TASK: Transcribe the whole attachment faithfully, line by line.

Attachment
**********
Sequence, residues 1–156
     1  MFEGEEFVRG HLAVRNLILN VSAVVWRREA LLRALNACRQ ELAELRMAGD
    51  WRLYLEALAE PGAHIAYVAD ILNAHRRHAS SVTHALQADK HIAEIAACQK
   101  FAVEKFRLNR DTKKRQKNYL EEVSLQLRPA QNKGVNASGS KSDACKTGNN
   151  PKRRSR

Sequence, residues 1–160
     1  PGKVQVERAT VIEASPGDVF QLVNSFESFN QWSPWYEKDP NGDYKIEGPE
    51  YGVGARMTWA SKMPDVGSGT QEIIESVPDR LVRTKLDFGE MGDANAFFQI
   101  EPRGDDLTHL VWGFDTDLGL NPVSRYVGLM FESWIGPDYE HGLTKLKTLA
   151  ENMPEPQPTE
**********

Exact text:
Sequence, residues 1–156
     1  MFEGEEFVRG HLAVRNLILN VSAVVWRREA LLRALNACRQ ELAELRMAGD
    51  WRLYLEALAE PGAHIAYVAD ILNAHRRHAS SVTHALQADK HIAEIAACQK
   101  FAVEKFRLNR DTKKRQKNYL EEVSLQLRPA QNKGVNASGS KSDACKTGNN
   151  PKRRSR

Sequence, residues 1–160
     1  PGKVQVERAT VIEASPGDVF QLVNSFESFN QWSPWYEKDP NGDYKIEGPE
    51  YGVGARMTWA SKMPDVGSGT QEIIESVPDR LVRTKLDFGE MGDANAFFQI
   101  EPRGDDLTHL VWGFDTDLGL NPVSRYVGLM FESWIGPDYE HGLTKLKTLA
   151  ENMPEPQPTE